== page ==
It’s not simple to break into Scouting’s shooter ranks. You’ll need full NRA instructor credentials, even to do day-camp BB guns with the cubs, plus the ever-present special Scouter training seminar. The big deal is director of shooting sports at a summer camp program. For obvious reasons (not the pay) old Scouters dig their heels into that job, not only leaving it feet first but usually handing it down to a chosen heir.

    The Boy Scout rifle requirement is harsh and clear: single-shot bolt-action only. No magazines, and if a magazine is permanently attached, a blanking block must be installed. Loading singles into an open-bottom action is something you should try, once. Every Scout’s dad has a .22. How many do ya s’pose have a true single-shot .22? How many bought a plug with their CZ 452? That policy causes a lot of hurt feelings.

    From an old guy perspective, it’s a wise policy. The Scouts learn and see how the action functions, something you hope never to see inside a 10/22. There’s no chance of unwitting loading. They learn the basics of precision target shooting. The downside is that nobody but nobody buys a rifle like that anymore, and–I hate that this is so–even among shooters and blog commentators, nobody even follows smallbore precision as a sport. As a cold-heartedly pragmatic matter, NRA should be supporting (read “pressuring”) Scout national HQ to set up merit badges in silhouette and pin-shooting. With semi’s.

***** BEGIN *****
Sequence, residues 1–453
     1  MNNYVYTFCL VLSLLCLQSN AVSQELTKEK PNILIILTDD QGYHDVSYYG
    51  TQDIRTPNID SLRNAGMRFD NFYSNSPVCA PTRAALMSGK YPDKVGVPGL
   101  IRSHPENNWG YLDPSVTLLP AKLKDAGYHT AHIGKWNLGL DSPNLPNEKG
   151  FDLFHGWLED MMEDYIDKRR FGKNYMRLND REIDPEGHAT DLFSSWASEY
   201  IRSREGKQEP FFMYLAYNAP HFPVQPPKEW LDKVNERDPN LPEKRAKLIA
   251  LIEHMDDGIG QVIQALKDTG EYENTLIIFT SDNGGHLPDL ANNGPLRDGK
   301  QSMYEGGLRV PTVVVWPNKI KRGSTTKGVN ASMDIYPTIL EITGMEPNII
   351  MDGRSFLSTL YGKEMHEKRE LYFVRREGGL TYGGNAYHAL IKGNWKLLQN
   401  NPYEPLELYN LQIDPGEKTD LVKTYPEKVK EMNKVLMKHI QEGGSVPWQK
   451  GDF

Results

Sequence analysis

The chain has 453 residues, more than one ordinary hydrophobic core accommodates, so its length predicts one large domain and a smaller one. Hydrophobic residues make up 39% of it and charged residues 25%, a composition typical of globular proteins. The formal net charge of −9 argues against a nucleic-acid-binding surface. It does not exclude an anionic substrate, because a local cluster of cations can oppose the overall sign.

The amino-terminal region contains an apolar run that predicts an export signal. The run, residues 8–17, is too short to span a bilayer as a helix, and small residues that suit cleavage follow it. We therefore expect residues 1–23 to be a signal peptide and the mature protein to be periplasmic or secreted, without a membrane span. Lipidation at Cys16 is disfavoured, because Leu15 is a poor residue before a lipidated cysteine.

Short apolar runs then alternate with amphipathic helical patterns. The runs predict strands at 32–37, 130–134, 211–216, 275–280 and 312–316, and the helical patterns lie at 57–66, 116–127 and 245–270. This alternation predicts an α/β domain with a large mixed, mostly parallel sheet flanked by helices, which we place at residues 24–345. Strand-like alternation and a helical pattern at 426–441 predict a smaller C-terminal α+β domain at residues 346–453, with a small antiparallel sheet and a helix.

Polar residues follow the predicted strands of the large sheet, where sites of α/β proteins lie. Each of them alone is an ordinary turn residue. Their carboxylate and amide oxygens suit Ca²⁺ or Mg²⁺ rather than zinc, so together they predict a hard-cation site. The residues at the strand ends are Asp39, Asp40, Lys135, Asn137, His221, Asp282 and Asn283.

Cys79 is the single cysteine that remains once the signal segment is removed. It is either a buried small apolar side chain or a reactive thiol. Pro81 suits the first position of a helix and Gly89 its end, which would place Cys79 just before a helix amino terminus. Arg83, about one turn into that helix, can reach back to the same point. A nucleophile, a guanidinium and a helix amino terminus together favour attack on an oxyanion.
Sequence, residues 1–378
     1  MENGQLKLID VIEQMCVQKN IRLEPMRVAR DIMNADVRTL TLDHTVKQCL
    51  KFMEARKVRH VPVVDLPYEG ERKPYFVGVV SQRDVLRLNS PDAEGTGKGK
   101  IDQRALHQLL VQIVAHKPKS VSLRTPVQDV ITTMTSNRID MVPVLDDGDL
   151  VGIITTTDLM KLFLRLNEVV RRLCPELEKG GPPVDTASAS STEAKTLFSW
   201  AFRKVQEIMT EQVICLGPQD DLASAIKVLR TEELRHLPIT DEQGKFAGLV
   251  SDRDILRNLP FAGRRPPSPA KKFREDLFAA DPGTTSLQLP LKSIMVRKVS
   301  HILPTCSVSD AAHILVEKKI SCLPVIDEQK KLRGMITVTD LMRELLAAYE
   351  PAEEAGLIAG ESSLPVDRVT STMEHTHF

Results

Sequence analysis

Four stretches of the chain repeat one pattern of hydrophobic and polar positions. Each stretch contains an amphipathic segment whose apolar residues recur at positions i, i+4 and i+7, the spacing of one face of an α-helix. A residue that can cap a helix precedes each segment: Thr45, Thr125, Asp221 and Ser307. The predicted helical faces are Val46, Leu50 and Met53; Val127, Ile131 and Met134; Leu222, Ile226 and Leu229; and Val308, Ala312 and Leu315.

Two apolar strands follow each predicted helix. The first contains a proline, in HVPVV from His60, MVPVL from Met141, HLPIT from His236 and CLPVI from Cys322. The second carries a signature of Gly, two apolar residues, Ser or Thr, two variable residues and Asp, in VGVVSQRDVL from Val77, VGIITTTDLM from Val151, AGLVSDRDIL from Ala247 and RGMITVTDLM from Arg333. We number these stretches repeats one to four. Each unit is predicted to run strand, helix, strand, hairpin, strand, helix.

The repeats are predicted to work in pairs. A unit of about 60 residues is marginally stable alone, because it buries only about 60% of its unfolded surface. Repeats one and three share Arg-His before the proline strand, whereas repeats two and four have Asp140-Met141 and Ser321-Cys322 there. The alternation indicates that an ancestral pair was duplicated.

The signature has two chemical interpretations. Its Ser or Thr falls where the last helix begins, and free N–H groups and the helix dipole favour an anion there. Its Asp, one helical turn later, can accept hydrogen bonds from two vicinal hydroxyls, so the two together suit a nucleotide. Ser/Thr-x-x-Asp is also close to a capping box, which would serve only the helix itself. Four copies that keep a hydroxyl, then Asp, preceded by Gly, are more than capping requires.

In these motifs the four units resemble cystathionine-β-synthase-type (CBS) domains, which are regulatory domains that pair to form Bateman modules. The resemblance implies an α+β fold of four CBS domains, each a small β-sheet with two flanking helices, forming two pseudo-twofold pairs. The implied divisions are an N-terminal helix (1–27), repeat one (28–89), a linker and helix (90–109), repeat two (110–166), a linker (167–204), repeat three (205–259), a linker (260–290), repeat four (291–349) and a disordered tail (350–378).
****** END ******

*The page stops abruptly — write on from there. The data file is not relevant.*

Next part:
So I’ll be starting a merit-badge course [with “optional extra range time”] for a local troop next week. They expect 14 shooters. I have my own Kimber, my son’s first Anschutz, a grizzled 513T Rem generously passed on to the program by a CMP employee, and a $10 Mossberg retired by the Scout camp, that I worked over. Three relays uses up a troop meeting pretty fast. Somewhere in this county are dozens of Win 52’s from the half-dozen junior club teams that thrived 40 years ago. They’re in closets, up on shelves, and will never come out again. This what “the other side winning” looks like, in the flesh.

    For what it’s worth: the one Scout I did coach into NCAA smallbore won a full-ride scholarship to a rather exclusive academy, costed out at over $400K. His new coach is an Olympic gold medalist.